Mercury Takes the Spotlight

Sun-hugging Mercury is the most elusive of the five classical planets, but in late March and early April 2010 the little planet will be as obvious as it ever becomes for mid-northern observers. Moreover, the bright signpost of Venus will be there to point the way.

Tony Flanders
The two inner planets remain less than 5° apart from March 28th to April 12th, though Mercury fades greatly during this time: from magnitude –1.1 to +0.7, a loss of four-fifths of its light. They appear closest, 3.0° apart, on the evenings of April 3rd and 4th for North America.

The diagram at right shows the scene. Venus and Mercury are plotted 45 minutes after sunset for a skywatcher near latitude 40° north. For your date, draw a pencil line between the two planets’ curves to set the scene.

On the diagram, the planets are shown with their correct shapes and relative sizes as seen in a telescope at medium-high power. Venus is an almost full disk 10? or 11? wide. Mercury is smaller and strikingly dimmer but more interesting. It wanes rapidly from gibbous to crescent while enlarging from 5? to 10?, measured cusp-to-cusp, from March 22nd to April 16th.

6 thoughts on “Mercury Takes the Spotlight

  1. Tom Hoffeldertom hoffelder

    great article! this is surely the best opportunity for the general public to find mercury with the unaided eye, maybe ever. i think the direction should just be “west” tho.

  2. Guillermo Avello

    Desde Chile, bajo un cielo espectacular, estamos observando este espectacular fenómeno. Hay muchas fotografías tomadas para su posterior análisis con mis estudiantes. Para este año también tenemos la mejor ubicación mundial para el estudio del eclipse total solar (Julio2010)
    Guillermo Avello

  3. Vladimir Zhivotovsky

    I have sought the opportunity to pinpoint Mercury for a couple of years as I just more study astrology than astronomy and am not that “active” to get up early during chilly dawns trying to catch a glimpse of the Gods’ messenger when it rises before the Sun does..And voilà – both planets at last сan be seen just from my balcony (sure, using binoculars helps…). Thanks to S&T for info and pictures.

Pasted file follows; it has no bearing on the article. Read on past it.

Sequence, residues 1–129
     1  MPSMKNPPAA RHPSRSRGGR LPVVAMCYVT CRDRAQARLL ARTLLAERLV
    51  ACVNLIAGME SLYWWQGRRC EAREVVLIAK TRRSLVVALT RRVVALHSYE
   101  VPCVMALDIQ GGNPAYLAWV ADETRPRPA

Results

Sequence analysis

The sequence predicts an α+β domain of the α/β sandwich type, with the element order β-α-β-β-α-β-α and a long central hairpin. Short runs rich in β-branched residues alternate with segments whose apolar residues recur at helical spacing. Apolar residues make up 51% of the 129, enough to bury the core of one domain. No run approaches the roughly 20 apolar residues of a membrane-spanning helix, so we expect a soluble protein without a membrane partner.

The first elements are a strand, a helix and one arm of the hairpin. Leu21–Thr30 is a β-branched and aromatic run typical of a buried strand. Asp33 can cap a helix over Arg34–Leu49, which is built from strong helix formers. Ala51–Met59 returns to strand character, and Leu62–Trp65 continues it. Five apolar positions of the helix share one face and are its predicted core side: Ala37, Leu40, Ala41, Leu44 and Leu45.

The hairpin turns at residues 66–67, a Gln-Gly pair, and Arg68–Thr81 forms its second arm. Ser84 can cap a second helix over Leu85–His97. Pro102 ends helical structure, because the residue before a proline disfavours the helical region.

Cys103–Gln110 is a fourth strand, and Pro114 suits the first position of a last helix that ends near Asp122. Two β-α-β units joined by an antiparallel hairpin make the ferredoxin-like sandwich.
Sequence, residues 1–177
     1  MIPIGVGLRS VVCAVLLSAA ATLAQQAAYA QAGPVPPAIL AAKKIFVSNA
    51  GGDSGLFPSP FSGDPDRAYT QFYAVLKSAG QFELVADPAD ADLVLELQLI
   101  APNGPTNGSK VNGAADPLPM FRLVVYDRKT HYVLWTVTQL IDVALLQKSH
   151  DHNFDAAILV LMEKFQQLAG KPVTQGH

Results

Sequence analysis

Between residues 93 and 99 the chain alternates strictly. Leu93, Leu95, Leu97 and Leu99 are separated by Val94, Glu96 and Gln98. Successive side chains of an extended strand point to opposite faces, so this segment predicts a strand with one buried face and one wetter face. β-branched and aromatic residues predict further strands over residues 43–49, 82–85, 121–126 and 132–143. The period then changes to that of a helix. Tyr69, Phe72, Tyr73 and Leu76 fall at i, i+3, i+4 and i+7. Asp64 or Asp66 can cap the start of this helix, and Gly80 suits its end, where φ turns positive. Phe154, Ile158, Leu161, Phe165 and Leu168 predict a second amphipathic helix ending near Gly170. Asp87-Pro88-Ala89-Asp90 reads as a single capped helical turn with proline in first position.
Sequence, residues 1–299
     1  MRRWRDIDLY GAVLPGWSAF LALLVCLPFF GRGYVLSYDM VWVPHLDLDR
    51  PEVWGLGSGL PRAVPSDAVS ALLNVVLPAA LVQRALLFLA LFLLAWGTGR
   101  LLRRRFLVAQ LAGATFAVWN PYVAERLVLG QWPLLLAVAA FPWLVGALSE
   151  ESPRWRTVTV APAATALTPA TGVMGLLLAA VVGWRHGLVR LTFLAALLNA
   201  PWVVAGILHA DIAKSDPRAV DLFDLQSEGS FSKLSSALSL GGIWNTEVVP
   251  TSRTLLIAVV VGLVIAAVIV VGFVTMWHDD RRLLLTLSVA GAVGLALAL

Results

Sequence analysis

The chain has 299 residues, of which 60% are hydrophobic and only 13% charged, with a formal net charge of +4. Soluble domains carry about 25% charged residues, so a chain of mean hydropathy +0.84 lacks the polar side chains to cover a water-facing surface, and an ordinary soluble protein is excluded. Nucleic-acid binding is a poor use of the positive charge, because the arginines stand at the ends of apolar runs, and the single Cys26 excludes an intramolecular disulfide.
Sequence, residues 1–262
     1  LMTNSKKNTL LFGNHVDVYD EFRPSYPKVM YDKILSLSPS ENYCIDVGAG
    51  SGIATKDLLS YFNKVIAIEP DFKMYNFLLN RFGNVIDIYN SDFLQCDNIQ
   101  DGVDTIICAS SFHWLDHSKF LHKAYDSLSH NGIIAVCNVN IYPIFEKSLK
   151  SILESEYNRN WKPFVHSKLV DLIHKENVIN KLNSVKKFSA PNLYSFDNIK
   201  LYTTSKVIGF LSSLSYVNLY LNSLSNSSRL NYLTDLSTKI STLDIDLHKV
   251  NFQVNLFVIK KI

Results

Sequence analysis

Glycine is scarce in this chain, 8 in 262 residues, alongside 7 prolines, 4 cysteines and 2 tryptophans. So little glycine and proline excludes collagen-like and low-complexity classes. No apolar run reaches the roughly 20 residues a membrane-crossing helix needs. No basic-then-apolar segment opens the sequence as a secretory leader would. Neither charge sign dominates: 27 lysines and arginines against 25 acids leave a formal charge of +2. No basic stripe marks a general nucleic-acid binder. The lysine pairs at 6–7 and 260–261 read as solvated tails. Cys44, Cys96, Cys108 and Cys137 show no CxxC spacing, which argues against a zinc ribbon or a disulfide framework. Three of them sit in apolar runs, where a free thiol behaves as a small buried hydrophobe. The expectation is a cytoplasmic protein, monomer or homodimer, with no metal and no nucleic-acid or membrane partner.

Ukraine, 11 pm UT

  4. Jon

    We took in a truly wonderful planetary conjunction last evening in Omaha! There were some very light wispy clouds that obstructed after 8:50pm or so. But the show was grand!

    It’s hard to believe Mercury could be so high above the horizon! It seemed to “twinkle” quite a bit, so we almost talked ourselves into thinking it was a star. But alas, it was the fleet-footed messenger after all.

    Thanks for reading,


  5. bob kelly

    With Venus pointing the way, I could pick out Mercury even in the supermarket parking lot about 815pm Tuesday evening. Mercury is fading fast, however. As promised, it is much fainter than it was last Thursday. I managed to get a photo between cloud layers on Friday, posted at
    bob kelly
    just north of new york city, ny, usa

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